By Nick Simonson
I’ve never been fond of heights. Despite being marketed (and statistically confirmed) as the safest way to travel, airplanes have always made me uneasy. Even the top of the Ferris wheel in the Fargo Scheels makes my stomach drop a little bit when my son and I reach the apex on the slow-moving trip to the second story. With lightning striking and rendering a trusted deer stand inoperable, what with its melted bolts and connection points, charred footpad from the point of impact and twisted legs that transferred the discharge into the ground, I began the process of shopping around and balancing my need for concealment in the treetops this coming season against my well-established acrophobia.
Of course, as with all good things, the lightweight telescopic aluminum model I had secured some time ago was no longer available for purchase, even in the deepest reaches of internet, as the business which built it had been acquired by another, which in turn discontinued the model. Perhaps the nicest thing about the electrified set of scrap resting alongside my garage was its adjustability from eight feet on up to 15 feet. It could be easily raised or lowered to match branches on a tree and came mostly assembled straight out of the box. But with all the interlocking holes showing the stress of 1.21 gigawatts, it was beyond saving. Thus, I was left to procure a standard ladder stand to replace it, and the options were endless and towering.
Everything on the store shelves seemed to be more or less the same – 15 feet this, 18.5 feet that – all of which were near the top of my comfort level for being suspended in space, even if tethered to the tree by a nylon strap and my safety harness, which I wear religiously under my early autumn camo and November blaze. Finding one with a folding seat and a removable shooting rail which would be unnecessary for the parcel I bow hunt, I spent a hot hour in the sun assembling the stand on my tailgate and slid the rungs into place to get an idea of how high it would be. It didn’t look too bad.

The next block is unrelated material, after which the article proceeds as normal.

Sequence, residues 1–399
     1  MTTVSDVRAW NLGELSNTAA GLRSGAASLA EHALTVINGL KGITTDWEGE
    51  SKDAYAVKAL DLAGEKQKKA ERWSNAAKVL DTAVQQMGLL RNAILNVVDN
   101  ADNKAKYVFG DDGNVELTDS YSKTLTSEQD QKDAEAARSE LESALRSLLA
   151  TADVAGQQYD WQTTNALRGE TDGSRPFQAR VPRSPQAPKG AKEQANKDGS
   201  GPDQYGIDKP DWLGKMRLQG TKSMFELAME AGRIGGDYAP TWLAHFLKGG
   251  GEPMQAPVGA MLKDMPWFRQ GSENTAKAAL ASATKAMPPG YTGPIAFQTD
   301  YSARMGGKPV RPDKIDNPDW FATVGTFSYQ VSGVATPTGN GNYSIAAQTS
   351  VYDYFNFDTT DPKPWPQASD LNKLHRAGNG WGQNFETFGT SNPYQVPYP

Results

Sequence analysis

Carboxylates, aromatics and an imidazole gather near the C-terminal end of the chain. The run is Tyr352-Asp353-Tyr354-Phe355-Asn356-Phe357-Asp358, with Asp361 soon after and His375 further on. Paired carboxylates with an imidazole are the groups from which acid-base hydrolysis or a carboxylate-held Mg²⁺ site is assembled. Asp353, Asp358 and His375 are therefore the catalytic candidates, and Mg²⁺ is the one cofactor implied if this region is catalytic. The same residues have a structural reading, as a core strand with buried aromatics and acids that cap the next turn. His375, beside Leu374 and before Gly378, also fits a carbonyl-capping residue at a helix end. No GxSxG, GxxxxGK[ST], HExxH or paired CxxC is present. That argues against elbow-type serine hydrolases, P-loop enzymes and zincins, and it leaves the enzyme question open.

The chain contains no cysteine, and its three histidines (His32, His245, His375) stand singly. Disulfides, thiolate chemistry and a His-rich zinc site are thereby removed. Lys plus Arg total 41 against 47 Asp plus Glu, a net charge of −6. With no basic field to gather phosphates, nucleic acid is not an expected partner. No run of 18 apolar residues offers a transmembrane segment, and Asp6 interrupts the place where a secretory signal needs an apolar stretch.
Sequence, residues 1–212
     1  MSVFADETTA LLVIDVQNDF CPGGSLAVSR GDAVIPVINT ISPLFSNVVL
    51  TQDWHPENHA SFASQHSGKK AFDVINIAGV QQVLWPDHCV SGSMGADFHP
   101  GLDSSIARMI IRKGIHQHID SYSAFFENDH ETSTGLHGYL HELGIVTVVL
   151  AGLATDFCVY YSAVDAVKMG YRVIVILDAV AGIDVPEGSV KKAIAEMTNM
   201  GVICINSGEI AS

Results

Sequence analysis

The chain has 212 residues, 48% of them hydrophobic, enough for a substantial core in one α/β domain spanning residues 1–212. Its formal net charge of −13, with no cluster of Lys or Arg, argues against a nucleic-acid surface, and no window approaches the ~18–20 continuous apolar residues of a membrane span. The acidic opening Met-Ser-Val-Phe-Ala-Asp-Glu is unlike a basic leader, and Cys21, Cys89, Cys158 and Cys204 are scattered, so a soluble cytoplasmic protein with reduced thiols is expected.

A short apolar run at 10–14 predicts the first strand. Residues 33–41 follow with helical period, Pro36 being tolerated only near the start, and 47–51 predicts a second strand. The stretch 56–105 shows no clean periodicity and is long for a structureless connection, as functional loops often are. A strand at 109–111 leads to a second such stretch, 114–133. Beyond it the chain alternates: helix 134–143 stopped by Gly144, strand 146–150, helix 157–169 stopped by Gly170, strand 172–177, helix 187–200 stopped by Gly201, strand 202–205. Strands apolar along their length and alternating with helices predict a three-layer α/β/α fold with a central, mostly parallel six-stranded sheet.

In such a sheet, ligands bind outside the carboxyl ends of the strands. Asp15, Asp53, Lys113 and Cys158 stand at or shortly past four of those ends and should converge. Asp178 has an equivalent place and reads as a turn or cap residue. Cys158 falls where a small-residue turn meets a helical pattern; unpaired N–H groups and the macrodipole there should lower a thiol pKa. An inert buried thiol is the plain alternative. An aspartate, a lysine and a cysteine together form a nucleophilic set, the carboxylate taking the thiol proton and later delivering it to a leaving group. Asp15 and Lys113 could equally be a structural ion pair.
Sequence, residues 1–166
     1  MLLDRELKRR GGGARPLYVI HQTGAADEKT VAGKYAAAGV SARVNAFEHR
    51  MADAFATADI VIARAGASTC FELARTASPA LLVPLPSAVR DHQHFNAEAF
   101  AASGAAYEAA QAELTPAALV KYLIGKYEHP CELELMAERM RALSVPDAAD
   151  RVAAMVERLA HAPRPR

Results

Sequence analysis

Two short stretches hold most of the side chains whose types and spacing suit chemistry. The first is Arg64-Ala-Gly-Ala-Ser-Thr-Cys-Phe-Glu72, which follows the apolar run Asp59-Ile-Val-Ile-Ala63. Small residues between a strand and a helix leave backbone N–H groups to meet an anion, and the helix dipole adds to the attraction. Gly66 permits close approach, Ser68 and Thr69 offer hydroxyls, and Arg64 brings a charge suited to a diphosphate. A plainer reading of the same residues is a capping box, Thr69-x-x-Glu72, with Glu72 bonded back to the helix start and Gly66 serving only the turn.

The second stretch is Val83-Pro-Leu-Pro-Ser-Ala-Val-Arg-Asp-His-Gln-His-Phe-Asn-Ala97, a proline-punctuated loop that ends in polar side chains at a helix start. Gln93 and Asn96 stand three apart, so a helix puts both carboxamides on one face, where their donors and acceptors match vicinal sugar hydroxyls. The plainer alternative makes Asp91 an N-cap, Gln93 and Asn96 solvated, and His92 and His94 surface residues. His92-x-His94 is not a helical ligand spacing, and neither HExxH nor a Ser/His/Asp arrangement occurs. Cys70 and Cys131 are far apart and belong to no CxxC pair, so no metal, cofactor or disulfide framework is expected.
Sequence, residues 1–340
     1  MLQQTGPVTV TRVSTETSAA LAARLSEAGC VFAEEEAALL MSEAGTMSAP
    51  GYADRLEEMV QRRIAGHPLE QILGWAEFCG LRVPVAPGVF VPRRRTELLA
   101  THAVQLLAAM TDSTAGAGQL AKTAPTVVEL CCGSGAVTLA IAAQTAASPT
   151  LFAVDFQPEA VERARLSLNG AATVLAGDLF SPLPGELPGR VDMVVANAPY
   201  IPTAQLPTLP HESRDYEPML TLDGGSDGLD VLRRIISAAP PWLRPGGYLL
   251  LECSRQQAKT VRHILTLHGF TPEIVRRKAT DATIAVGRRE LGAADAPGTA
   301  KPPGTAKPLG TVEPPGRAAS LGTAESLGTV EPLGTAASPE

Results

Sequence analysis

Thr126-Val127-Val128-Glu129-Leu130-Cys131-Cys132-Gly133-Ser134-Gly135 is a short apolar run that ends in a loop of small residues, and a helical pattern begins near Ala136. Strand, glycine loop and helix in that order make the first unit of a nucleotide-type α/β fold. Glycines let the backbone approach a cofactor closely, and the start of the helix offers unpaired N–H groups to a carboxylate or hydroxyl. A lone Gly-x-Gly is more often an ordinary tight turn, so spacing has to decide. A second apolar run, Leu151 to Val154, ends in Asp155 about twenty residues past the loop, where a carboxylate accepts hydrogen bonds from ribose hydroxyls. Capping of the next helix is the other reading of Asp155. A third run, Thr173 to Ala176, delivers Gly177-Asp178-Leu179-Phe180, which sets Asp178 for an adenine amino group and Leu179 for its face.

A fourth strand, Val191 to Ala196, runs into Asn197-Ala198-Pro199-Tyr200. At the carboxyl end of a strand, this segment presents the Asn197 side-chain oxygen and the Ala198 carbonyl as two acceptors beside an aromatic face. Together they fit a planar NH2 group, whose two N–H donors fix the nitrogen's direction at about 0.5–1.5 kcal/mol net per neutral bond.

Following a sweaty drag from the truck into the wooded north edge of the field where I had watched countless deer filter in and out over the past two seasons, I reassembled the ladder legs and placed the base of the stand against the lone boxelder tree that had managed to grow straight up along the slight dip which led to the nearby creek. Slowly, I lifted the stand into place and heard the seat crunch against the small branches above. I balked at the idea of climbing up and doing some saw work on them and noted that they would likely provide a good back drop to break up my silhouette if I only lowered the stand. Again bracing the metal rungs and slowly walking the elevated perch back to the ground, I removed the lowest portion and raised it back into place. Falling perfectly in line with the first set of branches and leaves, I sighed a bit of relief as I knocked the climb down to 13 feet. With a quick insertion of the brace and the addition of a ratchet strap for stability, I climbed up and locked the teeth of the seat tight into the tree, secured the base and trimmed off two small branches for comfort and ease of draw.
In the end it was a fortuitous coming together of factors: a tree with perfect placement just off the edge of the main field providing a 20-yard shot to the travel corridor, a perfect backdrop to break up my form while on stand, and a vantage point that didn’t make my nose bleed or my stomach flip on the climb up or down. With a solid canopy of branches providing a great screen with two good shooting lanes for deer coming into and leaving the field, I found even greater comfort in both the stand modification and its placement. While I know that height plays a big role in lifting scent away from the sensitive noses of deer and likely helps reduce the chances of them seeing an unintentional shift of a foot or the drawing back of a bow, comfort and safety on stand is perhaps the most important consideration of any hunt. With those items combined and the season start just a few weeks away, I loaded up the truck and headed home, finding myself in good standing once again…in our outdoors.